Brishell was her only child, hit by AK-47 fire shot into a crowd after a funeral. She was 16.

“That’s gun violence,” she says. “It’s not pretty. … I want people to see what I had to see and what I’ll always see.”

Pam Bosley became a member of this club when her son Terrell, 18, was gunned down while leaving a Chicago church in 2006.

“We need to not just protest police shootings,” she says, “we need to protest the everyday shootings of our black young men.”

My son no longer has a voice, and I want to give him one.

— Caren Teves, whose son Alex was shot and killed in the Aurora massacre

Bosley helped start an organization called Purpose Over Pain, after her own anguish nearly did her in. In the first year after Terrell was killed, she tried to take her own life twice.

“I find my strength through God,” says Bosley, the daughter of a pastor. “But I was angry at God that first year. Now I know my purpose is helping other mothers. We support each other. We need each other just to survive.”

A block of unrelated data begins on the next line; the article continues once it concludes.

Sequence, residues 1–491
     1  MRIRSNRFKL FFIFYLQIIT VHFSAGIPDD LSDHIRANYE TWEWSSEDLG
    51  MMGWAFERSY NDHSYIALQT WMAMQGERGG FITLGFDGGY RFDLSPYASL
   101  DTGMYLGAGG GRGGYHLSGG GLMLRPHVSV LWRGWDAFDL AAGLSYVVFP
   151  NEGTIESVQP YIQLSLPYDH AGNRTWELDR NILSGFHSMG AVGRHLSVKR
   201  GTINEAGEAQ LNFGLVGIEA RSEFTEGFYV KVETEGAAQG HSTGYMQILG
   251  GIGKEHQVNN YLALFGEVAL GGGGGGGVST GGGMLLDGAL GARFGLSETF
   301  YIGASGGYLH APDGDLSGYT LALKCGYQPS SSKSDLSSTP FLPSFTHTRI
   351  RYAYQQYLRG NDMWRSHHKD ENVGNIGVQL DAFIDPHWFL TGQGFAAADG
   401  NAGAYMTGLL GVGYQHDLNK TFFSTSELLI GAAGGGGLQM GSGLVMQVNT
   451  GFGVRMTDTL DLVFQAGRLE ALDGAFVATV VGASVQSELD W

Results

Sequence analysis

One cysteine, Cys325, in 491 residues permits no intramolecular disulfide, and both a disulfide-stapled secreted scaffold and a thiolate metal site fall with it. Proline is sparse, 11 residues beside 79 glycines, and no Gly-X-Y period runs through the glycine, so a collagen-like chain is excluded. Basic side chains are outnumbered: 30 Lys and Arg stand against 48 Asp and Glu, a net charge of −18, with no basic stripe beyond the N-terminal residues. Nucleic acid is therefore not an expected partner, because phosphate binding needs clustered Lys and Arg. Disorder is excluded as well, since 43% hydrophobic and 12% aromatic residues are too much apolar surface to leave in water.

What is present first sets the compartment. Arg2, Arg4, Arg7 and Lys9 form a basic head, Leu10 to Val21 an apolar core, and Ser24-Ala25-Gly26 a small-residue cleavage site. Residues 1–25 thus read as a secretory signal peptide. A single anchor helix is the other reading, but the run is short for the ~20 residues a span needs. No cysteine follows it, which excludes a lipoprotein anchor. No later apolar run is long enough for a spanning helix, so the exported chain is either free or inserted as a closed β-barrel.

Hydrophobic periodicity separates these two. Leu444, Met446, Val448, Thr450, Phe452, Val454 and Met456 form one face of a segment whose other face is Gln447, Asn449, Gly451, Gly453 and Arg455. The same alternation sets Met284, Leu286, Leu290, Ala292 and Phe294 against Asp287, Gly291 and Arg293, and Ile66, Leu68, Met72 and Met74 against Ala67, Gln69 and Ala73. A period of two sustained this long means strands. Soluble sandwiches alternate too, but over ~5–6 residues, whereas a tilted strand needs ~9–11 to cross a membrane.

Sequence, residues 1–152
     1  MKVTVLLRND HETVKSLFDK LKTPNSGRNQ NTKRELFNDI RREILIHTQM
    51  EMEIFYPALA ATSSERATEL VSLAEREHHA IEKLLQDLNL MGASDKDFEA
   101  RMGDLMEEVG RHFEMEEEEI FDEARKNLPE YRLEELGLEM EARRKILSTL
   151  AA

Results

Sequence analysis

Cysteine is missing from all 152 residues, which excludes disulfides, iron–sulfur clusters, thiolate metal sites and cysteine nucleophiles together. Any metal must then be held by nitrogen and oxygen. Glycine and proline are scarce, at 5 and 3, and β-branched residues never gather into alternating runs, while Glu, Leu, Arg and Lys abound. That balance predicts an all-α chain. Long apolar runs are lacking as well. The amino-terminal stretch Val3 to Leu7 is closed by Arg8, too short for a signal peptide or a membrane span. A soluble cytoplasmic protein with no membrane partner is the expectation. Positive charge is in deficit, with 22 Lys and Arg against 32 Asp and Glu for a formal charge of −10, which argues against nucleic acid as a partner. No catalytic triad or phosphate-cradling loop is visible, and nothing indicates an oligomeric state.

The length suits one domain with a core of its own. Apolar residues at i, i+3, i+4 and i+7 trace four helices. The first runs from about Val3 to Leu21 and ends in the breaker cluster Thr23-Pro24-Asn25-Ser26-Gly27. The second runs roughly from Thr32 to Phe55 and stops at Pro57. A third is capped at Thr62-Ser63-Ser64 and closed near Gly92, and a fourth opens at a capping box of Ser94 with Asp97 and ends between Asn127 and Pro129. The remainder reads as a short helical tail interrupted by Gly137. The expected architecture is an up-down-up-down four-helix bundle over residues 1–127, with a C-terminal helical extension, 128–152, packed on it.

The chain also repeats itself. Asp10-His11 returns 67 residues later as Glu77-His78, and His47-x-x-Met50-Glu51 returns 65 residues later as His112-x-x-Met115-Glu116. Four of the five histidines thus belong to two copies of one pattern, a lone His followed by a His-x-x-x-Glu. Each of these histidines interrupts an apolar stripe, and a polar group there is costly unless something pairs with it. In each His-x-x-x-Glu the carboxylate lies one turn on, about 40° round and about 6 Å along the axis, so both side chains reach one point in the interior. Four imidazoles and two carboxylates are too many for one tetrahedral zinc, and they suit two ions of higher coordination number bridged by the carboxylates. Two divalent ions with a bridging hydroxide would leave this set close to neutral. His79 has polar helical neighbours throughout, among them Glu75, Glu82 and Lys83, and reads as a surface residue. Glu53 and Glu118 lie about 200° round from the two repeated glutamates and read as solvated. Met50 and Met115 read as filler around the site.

Bosley is nearly a decade into her journey.

People don’t want to talk about mental illness or suicide. They whisper. We have to get past this because people are dying every day.

— Diane Sellgren, whose husband and daughter committed suicide with a gun decades apart

Andy Parker is just weeks in. But he’s no less emboldened or determined. This day, he is joined by his daughter’s fiancé, Chris Hurst.

Chris and Alison had been dating for nine months. They’d kept their romance secret from colleagues at WDBJ, awaiting the right moment to tell everyone. He was an evening anchor; she was an on-air reporter. “The love of my life,” he says.

He has the looks of a young television personality, both boyish and dashing. When a photographer compliments him on his stylish maroon sneakers, he answers proudly: “She picked them out.”

Onward, they march.